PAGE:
Indexed on: 17 Jun '05Published on: 17 Jun '05Published in: Clinical & Experimental Immunology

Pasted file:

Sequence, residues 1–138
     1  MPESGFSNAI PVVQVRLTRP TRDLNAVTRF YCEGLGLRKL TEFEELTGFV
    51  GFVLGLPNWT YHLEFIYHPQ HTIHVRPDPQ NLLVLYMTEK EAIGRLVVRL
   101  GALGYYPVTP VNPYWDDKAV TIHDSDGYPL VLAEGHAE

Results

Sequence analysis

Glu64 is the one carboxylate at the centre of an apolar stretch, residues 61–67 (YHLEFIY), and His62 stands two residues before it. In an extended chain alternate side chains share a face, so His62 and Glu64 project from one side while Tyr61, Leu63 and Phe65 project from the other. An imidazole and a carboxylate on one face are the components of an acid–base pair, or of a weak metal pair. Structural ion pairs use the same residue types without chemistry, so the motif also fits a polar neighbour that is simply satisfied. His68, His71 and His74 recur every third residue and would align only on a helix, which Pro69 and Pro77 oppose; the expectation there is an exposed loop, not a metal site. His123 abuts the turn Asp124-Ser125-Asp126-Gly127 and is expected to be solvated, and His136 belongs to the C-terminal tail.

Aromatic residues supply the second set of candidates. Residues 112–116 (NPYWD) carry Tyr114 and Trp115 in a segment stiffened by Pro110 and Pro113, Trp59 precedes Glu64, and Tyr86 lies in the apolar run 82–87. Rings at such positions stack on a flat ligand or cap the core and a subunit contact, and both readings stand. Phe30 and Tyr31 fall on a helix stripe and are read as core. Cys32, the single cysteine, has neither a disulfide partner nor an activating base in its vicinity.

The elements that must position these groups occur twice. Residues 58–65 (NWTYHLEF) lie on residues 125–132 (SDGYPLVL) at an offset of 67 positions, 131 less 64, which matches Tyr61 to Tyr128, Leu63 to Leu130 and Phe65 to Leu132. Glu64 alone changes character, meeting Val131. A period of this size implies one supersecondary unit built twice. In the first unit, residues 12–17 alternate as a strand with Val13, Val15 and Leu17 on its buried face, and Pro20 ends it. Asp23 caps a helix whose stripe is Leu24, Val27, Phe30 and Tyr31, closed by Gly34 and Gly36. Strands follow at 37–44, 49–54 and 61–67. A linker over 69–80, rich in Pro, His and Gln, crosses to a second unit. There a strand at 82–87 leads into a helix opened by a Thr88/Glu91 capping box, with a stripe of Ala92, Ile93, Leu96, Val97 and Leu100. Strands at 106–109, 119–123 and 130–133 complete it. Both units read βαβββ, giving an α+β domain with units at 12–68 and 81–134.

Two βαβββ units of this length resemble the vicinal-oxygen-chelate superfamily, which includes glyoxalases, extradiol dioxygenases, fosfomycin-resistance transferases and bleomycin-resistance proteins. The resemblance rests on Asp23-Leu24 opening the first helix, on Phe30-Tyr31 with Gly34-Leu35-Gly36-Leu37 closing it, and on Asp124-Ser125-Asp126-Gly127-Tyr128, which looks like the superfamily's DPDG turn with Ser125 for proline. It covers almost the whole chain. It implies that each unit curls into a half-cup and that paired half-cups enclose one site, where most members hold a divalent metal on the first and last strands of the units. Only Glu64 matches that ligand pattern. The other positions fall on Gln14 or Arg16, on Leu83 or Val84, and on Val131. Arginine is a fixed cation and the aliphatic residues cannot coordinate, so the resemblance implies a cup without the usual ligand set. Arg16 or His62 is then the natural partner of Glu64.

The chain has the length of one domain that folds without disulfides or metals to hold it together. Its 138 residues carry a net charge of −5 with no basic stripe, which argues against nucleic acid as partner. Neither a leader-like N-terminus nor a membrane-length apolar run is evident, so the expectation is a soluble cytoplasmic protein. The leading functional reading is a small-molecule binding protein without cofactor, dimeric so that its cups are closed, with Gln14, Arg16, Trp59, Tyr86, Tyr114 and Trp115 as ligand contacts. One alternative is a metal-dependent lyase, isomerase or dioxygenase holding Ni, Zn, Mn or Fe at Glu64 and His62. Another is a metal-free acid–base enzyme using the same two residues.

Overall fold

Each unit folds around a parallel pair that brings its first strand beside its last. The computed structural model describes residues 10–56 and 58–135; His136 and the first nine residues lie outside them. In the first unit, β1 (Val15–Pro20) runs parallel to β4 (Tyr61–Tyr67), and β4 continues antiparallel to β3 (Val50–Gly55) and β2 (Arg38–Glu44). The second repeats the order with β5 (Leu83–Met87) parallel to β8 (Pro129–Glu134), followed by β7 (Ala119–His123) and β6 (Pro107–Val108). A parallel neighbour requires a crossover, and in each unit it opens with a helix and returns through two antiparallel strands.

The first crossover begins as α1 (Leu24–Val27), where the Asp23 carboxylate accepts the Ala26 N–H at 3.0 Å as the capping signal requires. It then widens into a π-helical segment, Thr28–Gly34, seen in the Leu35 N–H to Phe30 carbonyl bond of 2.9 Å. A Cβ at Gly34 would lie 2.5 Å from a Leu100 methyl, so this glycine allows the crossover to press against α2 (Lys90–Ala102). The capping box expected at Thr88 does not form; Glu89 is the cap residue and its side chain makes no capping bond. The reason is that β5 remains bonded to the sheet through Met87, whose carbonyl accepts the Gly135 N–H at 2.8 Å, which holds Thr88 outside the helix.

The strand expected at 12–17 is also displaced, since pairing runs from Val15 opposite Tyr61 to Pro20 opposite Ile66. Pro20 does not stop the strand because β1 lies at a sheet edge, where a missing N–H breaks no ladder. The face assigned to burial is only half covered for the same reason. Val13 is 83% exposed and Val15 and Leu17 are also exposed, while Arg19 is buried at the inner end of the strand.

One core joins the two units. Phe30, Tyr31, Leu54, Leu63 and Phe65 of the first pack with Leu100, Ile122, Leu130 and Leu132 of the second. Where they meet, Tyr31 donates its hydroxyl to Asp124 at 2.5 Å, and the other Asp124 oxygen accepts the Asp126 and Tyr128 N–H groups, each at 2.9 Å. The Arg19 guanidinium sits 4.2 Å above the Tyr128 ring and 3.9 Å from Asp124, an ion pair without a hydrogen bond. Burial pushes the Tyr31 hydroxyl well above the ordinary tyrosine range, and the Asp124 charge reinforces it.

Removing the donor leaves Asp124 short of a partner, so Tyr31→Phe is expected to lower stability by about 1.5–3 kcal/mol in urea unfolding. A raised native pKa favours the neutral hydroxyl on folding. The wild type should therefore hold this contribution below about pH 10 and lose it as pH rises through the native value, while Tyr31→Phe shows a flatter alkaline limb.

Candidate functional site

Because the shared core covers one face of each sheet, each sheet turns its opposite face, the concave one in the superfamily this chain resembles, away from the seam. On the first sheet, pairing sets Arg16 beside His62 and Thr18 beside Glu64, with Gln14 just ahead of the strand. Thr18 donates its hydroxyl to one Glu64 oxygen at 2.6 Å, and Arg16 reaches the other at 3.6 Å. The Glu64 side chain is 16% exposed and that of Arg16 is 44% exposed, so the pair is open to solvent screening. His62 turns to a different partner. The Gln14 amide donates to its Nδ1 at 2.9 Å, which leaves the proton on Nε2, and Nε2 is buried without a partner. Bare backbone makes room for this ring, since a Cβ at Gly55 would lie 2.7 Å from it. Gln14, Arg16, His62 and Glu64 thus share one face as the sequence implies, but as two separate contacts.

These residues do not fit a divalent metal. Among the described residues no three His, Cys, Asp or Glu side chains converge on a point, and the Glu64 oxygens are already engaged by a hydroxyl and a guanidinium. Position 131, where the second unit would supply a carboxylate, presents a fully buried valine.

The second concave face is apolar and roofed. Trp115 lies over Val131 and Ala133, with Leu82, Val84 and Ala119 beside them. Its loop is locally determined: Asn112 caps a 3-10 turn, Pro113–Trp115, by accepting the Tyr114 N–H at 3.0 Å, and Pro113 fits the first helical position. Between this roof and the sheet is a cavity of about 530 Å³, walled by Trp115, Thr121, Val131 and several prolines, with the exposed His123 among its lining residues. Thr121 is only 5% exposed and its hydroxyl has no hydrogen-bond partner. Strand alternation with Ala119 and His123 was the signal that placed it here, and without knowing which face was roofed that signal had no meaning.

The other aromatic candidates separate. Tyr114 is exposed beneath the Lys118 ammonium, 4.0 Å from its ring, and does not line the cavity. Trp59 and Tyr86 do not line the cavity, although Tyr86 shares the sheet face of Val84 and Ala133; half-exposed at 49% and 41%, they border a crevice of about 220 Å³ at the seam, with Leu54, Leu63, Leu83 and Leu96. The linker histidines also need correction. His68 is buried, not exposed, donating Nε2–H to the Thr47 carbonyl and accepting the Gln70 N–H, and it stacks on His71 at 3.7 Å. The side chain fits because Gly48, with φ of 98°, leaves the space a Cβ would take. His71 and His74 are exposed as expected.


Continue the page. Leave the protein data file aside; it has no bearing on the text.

The Mycobacterium tuberculosis fadD26 mutant has impaired synthesis of phthiocerol dimycocerosates (DIM) and is attenuated in BALB/c mice. Survival analysis following direct intratracheal infection confirmed the attenuation: 60% survival at 4 months post-infection versus 100% mortality at 9 weeks post-infection with the wild-type strain. The fadD26 mutant induced less pneumonia and larger DTH reactions. It induced lower but progressive production of interferon (IFN)-gamma, interleukin (IL)-4 and tumour necrosis factor (TNF)-alpha. Used as a subcutaneous vaccine 60 days before intratracheal challenge with a hypervirulent strain of M. tuberculosis (Beijing code 9501000), the mutant induced a higher level of protection than did Bacille Calmette-Guérin (BCG). Seventy per cent of the mice vaccinated with the fadD26 mutant survived at 16 weeks after challenge compared to 30% of those vaccinated with BCG. Similarly, there was less tissue damage (pneumonia) and lower colony-forming units (CFU) in the mice vaccinated with the fadD26 mutant compared to the findings in mice vaccinated with BCG. These data suggest that DIM synthesis is important for the pathogenicity of M. tuberculosis, and that inactivation of DIM synthesis can increase the immunogenicity of live vaccines, and increase their ability to protect against tuberculosis.